Joe Sparacino: Yeah. And I’d say Mitchell and the collision industry in general has very much been an early adopter and driver of AI looking at estimates, as you mentioned—that there's a big productivity savings there. There's potentially an accuracy benefit to it as well. But we see AI creeping into a lot of different things, you know, parts matching and ordering systems and identifying kind of from the VIN what part is actually needed. We see it in search engines for one of our e-commerce clients, sort of AI as you're typing in something for a part you're looking for and that AI learns and learns over time how to quickly direct you to the exact part you need or to a kit that may be even better for solving the whole project. So, you know, we see it definitely in those applications. So overall, AI is going to provide better accuracy, better service and ultimately probably reduce a lot of just general operating costs behind the scenes where you can remove the need for human on more rote things.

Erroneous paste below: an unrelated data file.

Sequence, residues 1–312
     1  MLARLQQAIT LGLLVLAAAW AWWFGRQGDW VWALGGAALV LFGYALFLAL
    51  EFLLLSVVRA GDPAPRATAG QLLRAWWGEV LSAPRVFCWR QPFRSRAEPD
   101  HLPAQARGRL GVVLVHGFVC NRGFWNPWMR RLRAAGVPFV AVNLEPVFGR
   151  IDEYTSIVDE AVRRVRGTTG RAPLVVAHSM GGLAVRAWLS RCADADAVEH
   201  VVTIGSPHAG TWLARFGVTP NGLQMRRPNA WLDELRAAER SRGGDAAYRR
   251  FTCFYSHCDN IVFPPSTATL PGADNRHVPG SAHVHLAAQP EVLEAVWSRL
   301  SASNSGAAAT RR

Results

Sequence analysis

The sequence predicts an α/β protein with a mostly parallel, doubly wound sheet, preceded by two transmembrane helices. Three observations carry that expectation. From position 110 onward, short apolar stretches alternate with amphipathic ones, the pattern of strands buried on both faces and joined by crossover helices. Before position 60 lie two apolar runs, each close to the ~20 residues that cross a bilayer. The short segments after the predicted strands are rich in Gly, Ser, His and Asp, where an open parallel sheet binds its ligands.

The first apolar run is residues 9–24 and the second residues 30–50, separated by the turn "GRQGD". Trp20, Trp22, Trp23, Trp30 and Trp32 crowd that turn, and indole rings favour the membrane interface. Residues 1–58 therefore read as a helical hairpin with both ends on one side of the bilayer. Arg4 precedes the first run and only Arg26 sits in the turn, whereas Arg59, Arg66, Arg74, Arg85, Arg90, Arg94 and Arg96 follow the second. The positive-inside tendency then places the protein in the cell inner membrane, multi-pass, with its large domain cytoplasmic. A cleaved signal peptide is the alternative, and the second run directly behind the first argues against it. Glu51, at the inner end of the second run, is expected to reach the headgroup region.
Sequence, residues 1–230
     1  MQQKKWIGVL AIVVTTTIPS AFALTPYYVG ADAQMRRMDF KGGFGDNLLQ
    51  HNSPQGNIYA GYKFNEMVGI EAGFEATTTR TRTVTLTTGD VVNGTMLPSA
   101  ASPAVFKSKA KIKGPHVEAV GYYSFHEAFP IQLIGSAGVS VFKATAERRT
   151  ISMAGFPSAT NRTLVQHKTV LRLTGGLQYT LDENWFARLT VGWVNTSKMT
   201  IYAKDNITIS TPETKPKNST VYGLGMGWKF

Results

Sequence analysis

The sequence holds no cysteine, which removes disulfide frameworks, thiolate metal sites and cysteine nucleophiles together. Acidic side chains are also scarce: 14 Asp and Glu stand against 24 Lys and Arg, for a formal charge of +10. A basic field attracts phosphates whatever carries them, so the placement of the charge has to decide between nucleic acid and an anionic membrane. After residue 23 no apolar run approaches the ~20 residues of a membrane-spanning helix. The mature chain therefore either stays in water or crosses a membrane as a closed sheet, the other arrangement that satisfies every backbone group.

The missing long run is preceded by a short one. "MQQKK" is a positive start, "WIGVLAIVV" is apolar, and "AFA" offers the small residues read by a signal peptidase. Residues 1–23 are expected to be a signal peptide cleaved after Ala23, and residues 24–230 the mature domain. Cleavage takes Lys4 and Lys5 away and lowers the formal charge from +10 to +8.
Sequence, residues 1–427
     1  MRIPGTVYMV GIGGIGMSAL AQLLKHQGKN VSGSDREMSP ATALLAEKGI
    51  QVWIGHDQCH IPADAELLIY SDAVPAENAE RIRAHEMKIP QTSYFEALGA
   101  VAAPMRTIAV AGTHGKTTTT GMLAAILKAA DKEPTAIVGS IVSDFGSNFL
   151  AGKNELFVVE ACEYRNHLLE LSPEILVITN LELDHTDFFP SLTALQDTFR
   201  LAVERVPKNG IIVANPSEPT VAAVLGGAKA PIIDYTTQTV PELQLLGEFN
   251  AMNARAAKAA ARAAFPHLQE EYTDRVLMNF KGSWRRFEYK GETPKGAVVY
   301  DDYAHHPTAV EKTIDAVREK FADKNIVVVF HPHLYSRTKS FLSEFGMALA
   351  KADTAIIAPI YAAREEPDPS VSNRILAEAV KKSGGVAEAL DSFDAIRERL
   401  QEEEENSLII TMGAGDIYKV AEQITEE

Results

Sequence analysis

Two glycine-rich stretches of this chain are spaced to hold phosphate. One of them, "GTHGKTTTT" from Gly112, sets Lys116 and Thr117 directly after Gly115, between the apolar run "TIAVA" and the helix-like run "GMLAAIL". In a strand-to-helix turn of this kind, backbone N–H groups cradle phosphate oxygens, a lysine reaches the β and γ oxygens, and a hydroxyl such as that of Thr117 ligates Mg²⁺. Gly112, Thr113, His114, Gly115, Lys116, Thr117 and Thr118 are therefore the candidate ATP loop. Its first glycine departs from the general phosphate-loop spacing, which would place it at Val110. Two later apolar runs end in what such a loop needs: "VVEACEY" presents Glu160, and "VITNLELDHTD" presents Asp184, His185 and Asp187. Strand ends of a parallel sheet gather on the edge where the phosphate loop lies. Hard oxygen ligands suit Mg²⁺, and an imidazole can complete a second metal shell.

Ryan Mandell: Sure. And I think it allows then, you know, the people that you have working for your organization, it gives them the ability to spend more time adding value to that business instead of doing these rote tasks that are more just mundane.
Joe Sparacino: That's exactly right.
Ryan Mandell: So thinking about, you know, just kind of where you start wrapping up here. I like to tell people, it's kind of a follow the money type of scenario. Where do you see investment activity heating up? Where is Stifel seeing more of this interest in different segments of the industry right now?